Sand filter systems: an alternative system that combines a septic tank or other treatment unit, a dosing system with effluent pump and controls or dosing siphon, piping and fittings, a sand filter, and an absorption facility to treat wastewater. The wastewater is pumped to the top of the sand filter and allowed to trickle down at a controlled pace, catching significant quantities of waste before the water gets to the native drainage soil. Sand filters are best used in areas where there is limited location for a drainage field, or where the soil is too porous to effectively treat water while draining [if the sludge goes through the soil too fast, untreated sludge may get to groundwater, which is bad.]

Pressurized distribution systems: a system that uniformly distributes septic tank or other treatment effluent under pressure in an absorption facility or treatment unit. It blasts the effluent evenly through the entire drainfield, ensuring rapid, even draining; whereas normal septic systems rely on gravity and may have areas where drainage is more concentrated.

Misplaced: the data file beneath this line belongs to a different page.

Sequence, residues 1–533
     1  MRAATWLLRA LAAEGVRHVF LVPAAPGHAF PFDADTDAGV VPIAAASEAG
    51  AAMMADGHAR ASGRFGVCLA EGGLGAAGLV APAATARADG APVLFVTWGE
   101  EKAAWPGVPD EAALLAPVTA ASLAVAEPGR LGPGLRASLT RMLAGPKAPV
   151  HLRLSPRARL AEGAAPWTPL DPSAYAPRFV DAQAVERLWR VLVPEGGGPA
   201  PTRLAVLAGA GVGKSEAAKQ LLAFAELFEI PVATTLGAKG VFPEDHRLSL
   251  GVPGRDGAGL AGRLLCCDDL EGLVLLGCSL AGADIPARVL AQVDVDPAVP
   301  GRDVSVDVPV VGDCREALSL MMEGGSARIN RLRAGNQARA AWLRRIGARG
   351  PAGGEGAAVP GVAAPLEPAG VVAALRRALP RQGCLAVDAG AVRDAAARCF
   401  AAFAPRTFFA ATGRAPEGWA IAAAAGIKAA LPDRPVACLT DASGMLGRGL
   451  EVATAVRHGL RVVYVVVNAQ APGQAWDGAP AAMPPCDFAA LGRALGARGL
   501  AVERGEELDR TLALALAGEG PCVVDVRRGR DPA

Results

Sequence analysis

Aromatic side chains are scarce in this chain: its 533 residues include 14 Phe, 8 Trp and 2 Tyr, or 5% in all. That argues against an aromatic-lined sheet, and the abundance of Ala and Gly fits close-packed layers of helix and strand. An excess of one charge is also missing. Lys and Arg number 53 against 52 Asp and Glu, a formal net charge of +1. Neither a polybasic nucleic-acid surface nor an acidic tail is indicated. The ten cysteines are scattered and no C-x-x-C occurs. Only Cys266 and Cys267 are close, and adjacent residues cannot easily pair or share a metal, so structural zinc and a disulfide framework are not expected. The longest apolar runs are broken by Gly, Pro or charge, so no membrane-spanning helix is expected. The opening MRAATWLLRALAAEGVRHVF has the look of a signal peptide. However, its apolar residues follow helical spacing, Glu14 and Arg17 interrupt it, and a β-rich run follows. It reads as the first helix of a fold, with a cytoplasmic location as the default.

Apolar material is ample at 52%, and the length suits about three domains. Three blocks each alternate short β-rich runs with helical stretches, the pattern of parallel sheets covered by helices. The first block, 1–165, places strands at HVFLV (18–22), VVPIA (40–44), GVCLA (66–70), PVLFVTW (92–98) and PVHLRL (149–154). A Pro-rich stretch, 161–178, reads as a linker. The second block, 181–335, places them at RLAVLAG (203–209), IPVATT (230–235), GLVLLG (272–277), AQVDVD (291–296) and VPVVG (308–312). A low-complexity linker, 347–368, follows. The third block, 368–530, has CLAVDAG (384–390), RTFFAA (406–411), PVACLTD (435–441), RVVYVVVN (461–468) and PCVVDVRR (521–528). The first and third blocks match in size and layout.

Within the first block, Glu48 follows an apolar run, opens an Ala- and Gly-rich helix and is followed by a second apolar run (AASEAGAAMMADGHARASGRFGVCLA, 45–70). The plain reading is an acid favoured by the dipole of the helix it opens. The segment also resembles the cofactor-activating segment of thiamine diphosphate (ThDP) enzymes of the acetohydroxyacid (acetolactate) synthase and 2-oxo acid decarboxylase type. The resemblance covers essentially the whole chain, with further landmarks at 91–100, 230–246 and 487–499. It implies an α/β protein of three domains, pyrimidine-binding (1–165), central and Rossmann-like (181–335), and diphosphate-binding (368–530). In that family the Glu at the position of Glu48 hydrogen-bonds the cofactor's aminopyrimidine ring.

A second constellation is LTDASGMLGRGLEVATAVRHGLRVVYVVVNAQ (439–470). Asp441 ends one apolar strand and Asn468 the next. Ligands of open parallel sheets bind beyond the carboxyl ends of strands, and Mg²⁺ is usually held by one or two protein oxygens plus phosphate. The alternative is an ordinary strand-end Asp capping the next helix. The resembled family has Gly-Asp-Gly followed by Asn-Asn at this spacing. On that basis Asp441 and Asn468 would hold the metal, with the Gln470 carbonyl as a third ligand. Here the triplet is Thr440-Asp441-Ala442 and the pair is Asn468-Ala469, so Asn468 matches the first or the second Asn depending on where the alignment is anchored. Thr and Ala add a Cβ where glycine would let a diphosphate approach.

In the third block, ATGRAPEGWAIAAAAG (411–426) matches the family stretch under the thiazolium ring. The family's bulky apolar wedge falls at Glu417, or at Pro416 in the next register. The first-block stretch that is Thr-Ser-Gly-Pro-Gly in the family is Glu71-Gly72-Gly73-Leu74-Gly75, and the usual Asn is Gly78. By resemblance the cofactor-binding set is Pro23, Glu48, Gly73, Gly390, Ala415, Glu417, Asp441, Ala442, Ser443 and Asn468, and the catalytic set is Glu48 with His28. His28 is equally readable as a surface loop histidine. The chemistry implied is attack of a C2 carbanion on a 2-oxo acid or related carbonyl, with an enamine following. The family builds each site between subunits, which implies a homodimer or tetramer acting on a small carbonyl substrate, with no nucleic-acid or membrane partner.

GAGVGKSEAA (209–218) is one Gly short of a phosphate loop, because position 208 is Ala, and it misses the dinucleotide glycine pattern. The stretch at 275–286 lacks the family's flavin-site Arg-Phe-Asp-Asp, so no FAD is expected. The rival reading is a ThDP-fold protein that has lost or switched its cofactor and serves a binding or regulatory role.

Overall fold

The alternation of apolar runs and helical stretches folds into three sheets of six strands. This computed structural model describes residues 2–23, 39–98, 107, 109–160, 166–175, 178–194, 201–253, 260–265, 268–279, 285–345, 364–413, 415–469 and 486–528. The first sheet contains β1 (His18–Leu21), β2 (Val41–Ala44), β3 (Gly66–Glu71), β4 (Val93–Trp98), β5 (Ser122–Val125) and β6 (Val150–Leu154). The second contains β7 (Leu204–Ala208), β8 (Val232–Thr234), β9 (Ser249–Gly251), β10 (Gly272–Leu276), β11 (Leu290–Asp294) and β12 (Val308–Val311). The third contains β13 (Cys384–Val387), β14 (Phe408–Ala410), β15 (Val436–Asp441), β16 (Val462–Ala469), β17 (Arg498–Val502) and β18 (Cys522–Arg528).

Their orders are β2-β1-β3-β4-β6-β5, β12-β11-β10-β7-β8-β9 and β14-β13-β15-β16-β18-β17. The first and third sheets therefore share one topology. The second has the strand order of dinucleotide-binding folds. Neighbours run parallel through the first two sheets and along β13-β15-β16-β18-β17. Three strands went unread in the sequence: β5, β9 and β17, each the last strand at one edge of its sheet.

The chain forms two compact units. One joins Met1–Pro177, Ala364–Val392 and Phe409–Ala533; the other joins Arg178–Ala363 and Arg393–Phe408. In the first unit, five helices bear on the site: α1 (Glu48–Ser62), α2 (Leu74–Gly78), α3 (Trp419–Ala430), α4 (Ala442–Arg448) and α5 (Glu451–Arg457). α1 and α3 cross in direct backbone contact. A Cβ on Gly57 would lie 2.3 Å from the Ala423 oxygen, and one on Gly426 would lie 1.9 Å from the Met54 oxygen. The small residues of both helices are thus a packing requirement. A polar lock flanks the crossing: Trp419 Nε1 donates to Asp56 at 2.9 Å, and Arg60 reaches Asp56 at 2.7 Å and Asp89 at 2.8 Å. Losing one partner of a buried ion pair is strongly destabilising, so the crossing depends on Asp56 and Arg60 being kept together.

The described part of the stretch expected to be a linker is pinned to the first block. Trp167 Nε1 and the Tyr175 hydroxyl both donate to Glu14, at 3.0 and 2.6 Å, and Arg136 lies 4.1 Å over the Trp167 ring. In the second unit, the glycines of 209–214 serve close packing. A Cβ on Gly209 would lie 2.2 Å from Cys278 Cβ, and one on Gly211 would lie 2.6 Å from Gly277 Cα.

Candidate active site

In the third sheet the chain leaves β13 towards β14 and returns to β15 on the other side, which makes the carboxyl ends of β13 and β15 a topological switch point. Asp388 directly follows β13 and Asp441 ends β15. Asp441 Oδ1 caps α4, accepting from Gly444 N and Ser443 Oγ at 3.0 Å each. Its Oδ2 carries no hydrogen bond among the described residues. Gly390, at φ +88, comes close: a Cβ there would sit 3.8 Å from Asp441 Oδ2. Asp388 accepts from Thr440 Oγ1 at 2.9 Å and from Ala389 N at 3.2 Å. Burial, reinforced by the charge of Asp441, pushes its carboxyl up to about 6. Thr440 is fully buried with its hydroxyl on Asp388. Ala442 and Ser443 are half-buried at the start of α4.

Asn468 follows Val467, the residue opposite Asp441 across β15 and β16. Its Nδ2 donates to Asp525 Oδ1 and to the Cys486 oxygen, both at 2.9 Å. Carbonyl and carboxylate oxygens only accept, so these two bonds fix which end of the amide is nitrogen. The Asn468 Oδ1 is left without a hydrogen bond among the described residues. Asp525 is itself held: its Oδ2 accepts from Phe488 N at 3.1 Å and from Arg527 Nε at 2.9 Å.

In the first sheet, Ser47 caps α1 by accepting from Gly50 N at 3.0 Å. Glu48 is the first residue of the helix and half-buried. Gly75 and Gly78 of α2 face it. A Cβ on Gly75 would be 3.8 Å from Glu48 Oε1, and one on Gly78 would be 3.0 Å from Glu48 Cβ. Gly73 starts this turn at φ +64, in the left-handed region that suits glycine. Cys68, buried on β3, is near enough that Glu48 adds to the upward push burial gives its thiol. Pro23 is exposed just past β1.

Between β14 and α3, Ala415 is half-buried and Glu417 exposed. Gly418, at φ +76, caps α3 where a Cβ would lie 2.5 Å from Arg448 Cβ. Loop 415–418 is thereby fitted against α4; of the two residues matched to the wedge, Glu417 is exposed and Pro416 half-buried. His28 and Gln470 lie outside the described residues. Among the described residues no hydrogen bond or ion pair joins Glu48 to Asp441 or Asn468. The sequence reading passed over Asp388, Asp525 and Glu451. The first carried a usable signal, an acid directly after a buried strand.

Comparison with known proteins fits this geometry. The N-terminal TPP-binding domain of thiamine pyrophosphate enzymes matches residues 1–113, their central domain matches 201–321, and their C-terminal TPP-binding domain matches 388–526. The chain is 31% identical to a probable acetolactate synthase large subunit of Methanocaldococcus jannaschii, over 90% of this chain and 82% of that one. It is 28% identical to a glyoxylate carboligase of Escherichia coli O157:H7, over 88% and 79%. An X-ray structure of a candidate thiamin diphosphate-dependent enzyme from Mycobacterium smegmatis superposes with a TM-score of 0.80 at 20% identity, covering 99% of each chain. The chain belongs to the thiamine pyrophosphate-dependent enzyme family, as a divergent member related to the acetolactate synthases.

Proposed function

Recirculating gravel filters: gravel filter wastewater treatment system where portions of the filtered effluent is mixed into the septic tank effluent to recirculate through the filter. These systems snatch some of the effluent through repeatedly running the wastewater through the same filter tank. The heavy stuff gets filtered over and over again until it gets cleaned, while the cleaner wastewaters gets discharged into the soil dispersal systems; reducing odors and contamination in the discharge.

Alternative technology systems: under OAR 340-071-0100(11), these are “an alternate system that incorporates aerobic and other treatment technologies or units not specifically described elsewhere in this division.”  Basically, all the fancy space-age technology that isn’t otherwise described in the rules.